The international community has pledged $18m towards the creation of a special war crimes court in Bosnia to lighten the load of the UN tribunal in The Hague.
The former Yugoslav president is being tried in The Hague
The funds were raised during a meeting at the tribunal of 30 donor countries including the United States, Canada and the European Union.
The BBC's Geraldine Coughlan in The Hague says the new court - to be based in Sarajevo - is being seen as a major step in Bosnia's post-war reconstruction.
The pledge came as prosecutors at the tribunal asked for a 15-20-year prison sentence for a Bosnian Serb officer who admitted participating in the murder of more than 7,000 Muslims at Srebrenica in 1995.
Colonel Dragan Obrenovic, 40, the chief of staff of a brigade which operated in town at the time of the massacre, was appearing for the final day of his sentencing hearing.
He pleaded guilty in May to charges of persecution, but avoided a charge of genocide by agreeing to testify against two senior officers.
He will be sentenced when the other officers' trials are completed.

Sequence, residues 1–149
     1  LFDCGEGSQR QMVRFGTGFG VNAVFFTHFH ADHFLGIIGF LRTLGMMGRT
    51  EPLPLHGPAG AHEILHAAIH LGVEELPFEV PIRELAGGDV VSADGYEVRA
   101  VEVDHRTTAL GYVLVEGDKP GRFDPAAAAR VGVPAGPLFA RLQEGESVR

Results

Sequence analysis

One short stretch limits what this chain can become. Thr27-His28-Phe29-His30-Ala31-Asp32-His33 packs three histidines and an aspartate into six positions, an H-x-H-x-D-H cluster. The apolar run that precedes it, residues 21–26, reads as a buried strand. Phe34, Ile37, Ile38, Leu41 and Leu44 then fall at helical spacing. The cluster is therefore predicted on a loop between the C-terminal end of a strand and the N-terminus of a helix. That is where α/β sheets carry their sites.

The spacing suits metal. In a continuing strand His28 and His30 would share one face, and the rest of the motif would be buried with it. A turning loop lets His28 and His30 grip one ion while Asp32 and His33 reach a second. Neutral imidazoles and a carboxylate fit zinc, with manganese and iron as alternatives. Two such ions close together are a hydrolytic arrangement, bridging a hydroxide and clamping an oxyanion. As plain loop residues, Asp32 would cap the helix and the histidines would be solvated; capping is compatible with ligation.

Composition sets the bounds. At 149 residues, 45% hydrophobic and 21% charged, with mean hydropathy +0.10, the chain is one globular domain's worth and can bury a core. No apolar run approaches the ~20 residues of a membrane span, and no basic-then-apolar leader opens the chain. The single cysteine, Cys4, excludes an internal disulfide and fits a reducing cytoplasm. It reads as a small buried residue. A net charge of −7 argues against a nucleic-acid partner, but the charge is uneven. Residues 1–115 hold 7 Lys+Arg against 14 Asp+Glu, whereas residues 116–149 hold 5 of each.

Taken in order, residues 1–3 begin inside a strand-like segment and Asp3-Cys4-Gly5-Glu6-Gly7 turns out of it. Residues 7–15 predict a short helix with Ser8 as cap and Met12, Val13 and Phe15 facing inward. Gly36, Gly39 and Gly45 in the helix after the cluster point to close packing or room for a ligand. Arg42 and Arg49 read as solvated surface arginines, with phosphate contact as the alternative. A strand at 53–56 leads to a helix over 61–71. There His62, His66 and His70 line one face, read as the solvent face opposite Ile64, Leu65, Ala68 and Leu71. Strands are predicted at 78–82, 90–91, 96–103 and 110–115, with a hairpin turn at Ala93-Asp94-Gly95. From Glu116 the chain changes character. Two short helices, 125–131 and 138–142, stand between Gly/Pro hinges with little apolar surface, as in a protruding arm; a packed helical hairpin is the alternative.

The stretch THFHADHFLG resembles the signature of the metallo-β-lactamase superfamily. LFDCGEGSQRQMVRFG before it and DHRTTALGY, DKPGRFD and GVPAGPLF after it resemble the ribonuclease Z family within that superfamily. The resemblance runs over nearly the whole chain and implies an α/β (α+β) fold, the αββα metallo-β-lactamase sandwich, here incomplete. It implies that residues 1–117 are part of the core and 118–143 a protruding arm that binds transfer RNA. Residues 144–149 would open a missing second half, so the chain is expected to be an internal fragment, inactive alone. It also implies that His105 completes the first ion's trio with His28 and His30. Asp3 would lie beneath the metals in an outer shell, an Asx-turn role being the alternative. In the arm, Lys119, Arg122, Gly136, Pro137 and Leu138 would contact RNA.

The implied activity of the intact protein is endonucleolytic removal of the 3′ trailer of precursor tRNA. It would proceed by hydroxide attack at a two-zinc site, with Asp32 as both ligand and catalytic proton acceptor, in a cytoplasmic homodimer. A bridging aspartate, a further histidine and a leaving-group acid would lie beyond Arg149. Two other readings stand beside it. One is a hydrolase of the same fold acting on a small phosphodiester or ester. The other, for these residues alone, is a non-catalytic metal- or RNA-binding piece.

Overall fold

The new court is being regarded as an essential element in the restoration of justice for victims of the Bosnian war and their families.
More than 200,000 people died and two million were forced out of their homes in the war.
The court is scheduled to open late next year.
It will come under the authority of the Bosnian justice department but will be run by a panel of international judges and prosecutors for five years.
Initially, the court will take over around 15 lower-level cases from The Hague tribunal, which will carry on with trials of higher-level suspects.
The Hague is aiming to complete all its cases on the former Yugoslavia by 2010.
Democratic institutions are gradually being re-established as Bosnia returns to peace.
But our correspondent says local courts still face serious difficulties - including a lack of co-operation between the two parts of Bosnia - the Bosnian Serb republic and the Muslim-Croat federation.